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Professor Sir Roy Calne is recognized as one of the world's leading transplant surgeons, He is also a gifted artist. He has played an influential role in the development of transplantation surgery and has pioneered the use of the two main drugs used to prevent graft rejection. He now heads one of the leading transplant centres in the world and actively campaigns to increast public awareness of the benefit of transplantation techniques. This volume describes Professor Calne's experiences in the field of transplantation, how art affects the work of a surgeon and the perspectives of the transplant patient and donor. The text is illustrated with many paintings depicting all aspects of transplant surgery.
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Sir Roy Calne, a world-renowned transplantation pioneer, presents in this book a unique blend of art and the pathos of transplantation surgery. As is the case with many uniquely talented surgeons, Calne felt an early urge to draw and paint, which resulted in the magnificent copy of Degas' "Ballerina," shown in this book. Calne's artistic training was enhanced when he met the great Scottish painter John Bellany, who became his patient and received a liver transplant. The resulting friendship and tutorship stimulated Calne's ambition to depict the high-tension events of transplantation on canvas. Touchingly dedicated to his patients and what they have suffered (including sitting for portraits), this book is the first to present the miracle of transplantation in a series of paintings. Calne's creations project the intense fear and pain of terminally ill patients awaiting transplantation. He also depicts the triumph of transplantation in the patients who have recovered.
Calne focuses further on the drama of transplantation medicine by providing portraits of pioneers in the field. Beginning with his unforgettable "Moment of Truth," showing his own operating room before the insertion of a new liver, these paintings provide a gripping view of transplantation. The "gestalt" of the transplanter is projected with particular sensitivity in the paintings of the pioneers. The painting of the Pittsburgh patient awaiting a baboon's liver brings us to the forefront of current research in transplantation. Calne's paintings of children before and after transplantation are particularly touching. Who could ever forget the sick, wasted, jaundiced little six-year-old girl, and her young-old face after transplantation and recovery?
Calne's view of art was inspired by the classics, and he often thinks of art in terms of the early surgical interest in anatomy. He includes illustrations by da Vinci, Vesalius, Rembrandt, Goya, and Durer, which provide an elegant and cohesive background to his own work. The vivid painting by Kahlo, which projects an almost audible sigh of suffering, constitutes a particularly impressive prelude to his work in transplantation.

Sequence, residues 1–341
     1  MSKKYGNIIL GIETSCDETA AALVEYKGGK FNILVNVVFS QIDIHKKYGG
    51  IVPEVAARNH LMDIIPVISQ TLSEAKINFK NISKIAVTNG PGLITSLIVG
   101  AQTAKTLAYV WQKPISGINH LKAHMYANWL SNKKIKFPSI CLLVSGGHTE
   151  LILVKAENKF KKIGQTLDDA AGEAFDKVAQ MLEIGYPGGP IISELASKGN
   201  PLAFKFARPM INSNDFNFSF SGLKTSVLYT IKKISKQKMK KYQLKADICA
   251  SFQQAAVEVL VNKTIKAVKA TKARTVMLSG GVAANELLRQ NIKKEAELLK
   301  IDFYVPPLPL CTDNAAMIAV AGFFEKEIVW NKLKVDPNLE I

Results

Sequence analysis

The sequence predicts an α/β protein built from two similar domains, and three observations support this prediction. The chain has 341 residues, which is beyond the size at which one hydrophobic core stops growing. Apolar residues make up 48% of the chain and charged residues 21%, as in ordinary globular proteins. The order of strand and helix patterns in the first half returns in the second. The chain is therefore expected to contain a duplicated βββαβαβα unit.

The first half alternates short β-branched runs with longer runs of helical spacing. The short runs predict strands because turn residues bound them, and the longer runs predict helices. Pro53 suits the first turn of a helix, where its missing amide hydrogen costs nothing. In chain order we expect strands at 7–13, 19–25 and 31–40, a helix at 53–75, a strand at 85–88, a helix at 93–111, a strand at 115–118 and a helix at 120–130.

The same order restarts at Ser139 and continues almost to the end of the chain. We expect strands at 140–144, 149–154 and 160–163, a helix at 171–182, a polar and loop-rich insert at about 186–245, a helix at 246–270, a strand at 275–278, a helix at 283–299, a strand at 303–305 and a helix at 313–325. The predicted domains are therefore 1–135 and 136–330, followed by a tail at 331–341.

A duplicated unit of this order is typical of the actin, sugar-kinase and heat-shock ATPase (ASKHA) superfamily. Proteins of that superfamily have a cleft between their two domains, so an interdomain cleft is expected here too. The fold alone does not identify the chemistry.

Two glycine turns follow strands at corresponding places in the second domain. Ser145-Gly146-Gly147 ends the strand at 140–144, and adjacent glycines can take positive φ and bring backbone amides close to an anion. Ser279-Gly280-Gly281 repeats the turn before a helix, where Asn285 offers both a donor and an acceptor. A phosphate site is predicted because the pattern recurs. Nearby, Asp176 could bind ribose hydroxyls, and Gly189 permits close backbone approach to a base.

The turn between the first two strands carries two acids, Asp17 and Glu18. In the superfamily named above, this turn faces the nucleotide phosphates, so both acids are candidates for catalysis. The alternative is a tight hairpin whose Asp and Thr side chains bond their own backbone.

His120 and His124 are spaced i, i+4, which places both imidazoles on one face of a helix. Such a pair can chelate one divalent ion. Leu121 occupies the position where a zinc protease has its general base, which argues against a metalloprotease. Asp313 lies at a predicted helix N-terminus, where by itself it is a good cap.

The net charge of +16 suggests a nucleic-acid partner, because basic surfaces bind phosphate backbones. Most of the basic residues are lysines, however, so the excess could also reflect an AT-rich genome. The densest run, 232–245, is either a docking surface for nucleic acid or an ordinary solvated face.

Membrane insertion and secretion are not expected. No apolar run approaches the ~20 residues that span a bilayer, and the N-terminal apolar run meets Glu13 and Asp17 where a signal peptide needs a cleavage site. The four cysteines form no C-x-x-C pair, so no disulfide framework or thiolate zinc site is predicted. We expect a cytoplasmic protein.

One key element of his book is Calne's deep personal involvement with his patients. He wished, in particular, to give patients greater hope for the future. This is especially true of pediatric patients, who are in such acute need of human caring and affection during their times of almost overwhelming stress.
As creative and productive a painter as he is a renowned surgical scientist, Calne covers several additional areas of interest. His paintings of Monet's "Garden in Givry," the "Semi-Nude," and the "Game Bird" provide a striking blend of colors that speak for themselves. The colors and expression in his painting of the recovered yeoman and warder of the Tower of London after two liver transplants also belong in this category. Equally impressive are Calne's sketch of a fighting bull from Valencia and the Van Gogh-like "Threshing of Grain in Bali." Calne's foray into Asiatic art is also of interest, and his depictions of fishing cormorants in China and a Japanese doll, as well as of Chinese handwriting, add an intriguing dimension to this collection.
This book presents an elegant blend of the emotional travails of an exceedingly difficult modern surgical discipline -- transplantation -- with a gifted artist's view of the constantly changing scenery of this field. Not traditionally representational, Calne's art bears elements of the primitive, with occasional glimpses of impressionism. What Calne has managed to depict on canvas is not the exact image of each subject. Rather, the paintings project the innermost thoughts, hopes, and fears of patients as well as colleagues. This book provides a vivid example of the kind of heart and mind that are necessary for a person to become a great transplantation surgeon -- or for that matter, a great artist. I recommend it with enthusiasm to readers involved at all levels of health care. Its impact is universal in that it provides unique insights into the level of nobility to which humans can aspire in times of severe stress.
Reviewed by Felix T. Rapaport, M.D.
Copyright © 1998 Massachusetts Medical Society. All rights reserved. The New England Journal of Medicine is a registered trademark of the MMS.
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Book Description Lippincott Williams and Wilkin, 1996. Hardcover. Condition: New. Never used!. Seller Inventory # P110683230948